What are spinal cord tumors
Spinal cord tumors can occur within or near the spinal cord (cervical, thoracic, and lumbar). and be benign or malignant (cancer). Of all cases of primary central nervous system (CNS) cancer, only 22% occur in this location
Spinal cord tumor subtypes
Tumors of the spinal cord can be categorized as:
- Primary tumors – in general, they are rare and comprise approximately 0.04% of all tumors and 10% of all bone tumors. By definition, they originate from cells at that site, either from the spinal cord or from nearby structures, such as the meninges. They can be malignant or non-malignant; and
- Secondary or metastatic tumors – they are metastases from a cancer that originated elsewhere in the body, so they are always malignant.
Another way to classify spinal cord tumors is by location. They can be:
- Intramedullary tumors – arise within the spinal cord itself. The most common intramedullary tumors are gliomas, especially ependymomas and low-grade astrocytomas, and usually occur in younger patients.
- Extramedullary intradural tumors – arise within the dura mater but outside the spinal cord. The most common tumors in this group are meningiomas and nerve sheath tumors; and
- Extradural tumors – these are lesions that usually compress the spinal cord or cauda equina and may even invade the dura mater. Extradural tumors are usually metastatic and usually arise in the vertebral bodies.
Symptoms and signs of spinal cord tumors
- Weakness or numbness of the upper and/or lower limbs (difficulty writing or lifting the arms and legs, for example);
- Bowel and bladder problems (such as urinary retention and constipation)
- Difficulty walking;
- Back pain that gets progressively worse (unrelated to physical activity and worsens when the person lies down); and
- Diminished sensation in the region.
Diagnosis of spinal cord tumors
Diagnosis of a tumor located in the spinal cord may occur late, mainly because the first signs and symptoms are mild and often lead to delay in seeking medical attention. Patients with “warning signs” should be properly evaluated with imaging and laboratory tests to confirm the diagnosis.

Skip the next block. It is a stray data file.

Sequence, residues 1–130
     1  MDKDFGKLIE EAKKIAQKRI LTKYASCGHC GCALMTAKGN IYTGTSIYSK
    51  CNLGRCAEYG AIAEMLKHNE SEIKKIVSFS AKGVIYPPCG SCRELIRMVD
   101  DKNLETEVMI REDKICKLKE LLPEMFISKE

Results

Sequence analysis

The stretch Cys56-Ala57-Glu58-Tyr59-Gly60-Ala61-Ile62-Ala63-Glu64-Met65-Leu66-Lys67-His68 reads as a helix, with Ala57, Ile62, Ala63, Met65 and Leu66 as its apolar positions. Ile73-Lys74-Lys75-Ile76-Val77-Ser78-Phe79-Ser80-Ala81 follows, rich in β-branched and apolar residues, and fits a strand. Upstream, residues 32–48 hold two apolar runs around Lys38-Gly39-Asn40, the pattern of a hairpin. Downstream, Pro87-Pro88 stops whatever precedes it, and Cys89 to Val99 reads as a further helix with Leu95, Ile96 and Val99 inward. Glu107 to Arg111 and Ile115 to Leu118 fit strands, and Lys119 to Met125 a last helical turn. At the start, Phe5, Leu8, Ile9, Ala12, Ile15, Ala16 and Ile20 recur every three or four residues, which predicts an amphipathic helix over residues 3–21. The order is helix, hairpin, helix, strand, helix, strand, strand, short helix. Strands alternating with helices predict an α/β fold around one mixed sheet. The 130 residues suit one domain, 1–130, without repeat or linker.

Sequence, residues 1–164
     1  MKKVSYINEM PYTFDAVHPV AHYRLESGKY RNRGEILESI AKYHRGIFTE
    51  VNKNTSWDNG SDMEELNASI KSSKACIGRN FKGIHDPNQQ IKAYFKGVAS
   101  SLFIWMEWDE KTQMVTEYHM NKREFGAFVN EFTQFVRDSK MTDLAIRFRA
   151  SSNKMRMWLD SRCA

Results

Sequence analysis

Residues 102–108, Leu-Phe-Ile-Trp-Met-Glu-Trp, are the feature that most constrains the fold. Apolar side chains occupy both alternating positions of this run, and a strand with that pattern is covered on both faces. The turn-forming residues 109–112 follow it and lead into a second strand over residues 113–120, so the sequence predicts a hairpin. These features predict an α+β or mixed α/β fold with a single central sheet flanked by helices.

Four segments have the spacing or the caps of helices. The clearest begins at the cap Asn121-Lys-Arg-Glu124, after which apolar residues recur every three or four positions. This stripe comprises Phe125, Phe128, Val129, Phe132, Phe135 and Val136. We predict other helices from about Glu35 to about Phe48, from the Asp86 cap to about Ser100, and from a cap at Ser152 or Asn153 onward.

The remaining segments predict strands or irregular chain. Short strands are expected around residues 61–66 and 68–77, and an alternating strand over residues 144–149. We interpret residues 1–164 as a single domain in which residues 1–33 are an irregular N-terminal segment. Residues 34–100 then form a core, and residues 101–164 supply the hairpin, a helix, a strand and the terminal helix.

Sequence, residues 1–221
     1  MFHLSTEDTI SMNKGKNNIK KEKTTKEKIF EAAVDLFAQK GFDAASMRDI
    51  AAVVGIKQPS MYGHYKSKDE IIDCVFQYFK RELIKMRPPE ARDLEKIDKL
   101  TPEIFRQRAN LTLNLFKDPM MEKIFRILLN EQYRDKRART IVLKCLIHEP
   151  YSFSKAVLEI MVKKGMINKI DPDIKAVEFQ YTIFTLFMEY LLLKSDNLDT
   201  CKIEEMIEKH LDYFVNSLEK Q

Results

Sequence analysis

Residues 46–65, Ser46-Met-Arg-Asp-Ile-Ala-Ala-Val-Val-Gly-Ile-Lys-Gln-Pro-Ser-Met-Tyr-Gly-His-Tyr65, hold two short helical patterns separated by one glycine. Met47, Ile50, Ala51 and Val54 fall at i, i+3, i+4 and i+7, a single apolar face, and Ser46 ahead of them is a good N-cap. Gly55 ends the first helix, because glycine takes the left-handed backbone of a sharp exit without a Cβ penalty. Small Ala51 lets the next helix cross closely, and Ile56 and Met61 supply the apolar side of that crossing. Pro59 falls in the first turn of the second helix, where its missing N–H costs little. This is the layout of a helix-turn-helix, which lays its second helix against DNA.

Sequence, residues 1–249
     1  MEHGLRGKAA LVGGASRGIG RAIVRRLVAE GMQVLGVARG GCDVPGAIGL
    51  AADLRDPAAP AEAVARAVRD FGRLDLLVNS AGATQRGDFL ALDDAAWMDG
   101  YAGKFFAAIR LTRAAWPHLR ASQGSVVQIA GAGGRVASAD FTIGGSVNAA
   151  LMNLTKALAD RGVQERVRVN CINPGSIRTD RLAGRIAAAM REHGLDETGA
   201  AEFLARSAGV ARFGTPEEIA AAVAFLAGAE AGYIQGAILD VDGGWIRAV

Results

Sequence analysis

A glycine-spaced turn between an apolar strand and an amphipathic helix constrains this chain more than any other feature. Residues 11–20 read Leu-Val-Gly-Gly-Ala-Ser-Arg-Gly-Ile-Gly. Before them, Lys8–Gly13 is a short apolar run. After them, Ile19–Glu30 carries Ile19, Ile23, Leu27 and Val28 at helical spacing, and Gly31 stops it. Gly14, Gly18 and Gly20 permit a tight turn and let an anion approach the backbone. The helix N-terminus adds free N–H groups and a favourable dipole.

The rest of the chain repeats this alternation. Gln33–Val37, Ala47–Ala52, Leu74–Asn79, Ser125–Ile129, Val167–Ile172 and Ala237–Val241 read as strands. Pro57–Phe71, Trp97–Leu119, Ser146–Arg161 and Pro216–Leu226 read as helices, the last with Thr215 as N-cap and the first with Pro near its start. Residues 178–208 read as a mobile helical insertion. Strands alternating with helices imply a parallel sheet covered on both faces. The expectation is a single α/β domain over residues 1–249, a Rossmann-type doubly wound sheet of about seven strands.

The following are the procedures used to detect the disease.
Imaging exams, which can be:
- X-ray – X-rays of the spine allow assessment of overall spinal alignment and bone integrity, and can demonstrate a bone-forming or bone-destroying lesion if it is large enough;
- Magnetic resonance imaging (MRI) – is often recommended because it is necessary to accurately define the size and extent of the tumor and whether it has spread into the spinal canal;
- Computed tomography (CT) – may be requested and allows the visualization of details of the anatomy of the region; and
- Bone scintigraphy – a test that is often ordered when cancer is suspected to have metastasized to the bone and determines if there are other lesions in the bones throughout the body.
Biopsy is needed to confirm the exact type of tumor, especially if it is a primary tumor. It may require surgery, but in some cases, an imaging-guided needle biopsy may be enough to reach the tumor and extract a tissue sample to make a specific histological diagnosis.
Treatment of a cervical spine tumor depends on several factors, such as the patient’s age and associated medical conditions, the histological type of the tumor and whether it is primary or metastatic, and the severity of symptoms related to its location.
Metastatic tumors of the cervical spine are more likely to cause instability and/or neurological impairment and are most often treated surgically. Certain benign spinal tumors and cysts may not need treatment if they do not cause any symptoms.
Surgical resection followed by radiotherapy (with or without chemotherapy, depending on the histological type of the disease) is usually the protocol for well-localized malignant spinal cord tumors. If removal is not possible, radiotherapy is used directly to relieve pressure on the spinal cord.
Non-surgical options include observation, chemotherapy, and radiation therapy. Asymptomatic or mildly symptomatic tumors that do not appear to be changing or progressing can be observed and monitored with regular MRI scans. Some tumors respond well to chemotherapy and others to radiation therapy. However, there are specific types of metastatic tumors that are inherently radioresistant, and surgery may be the only viable treatment option.
It is important to emphasize that when neurological deficits occur due to spinal cord compression, corticosteroid treatment should be initiated immediately to reduce the edema and preserve spinal cord function. The action must be fast because many deficits can quickly become irreversible.
The patient’s recovery depends on how quickly treatment is started and the extent of the disease.
There are no known effective initiatives to prevent this type of cancer.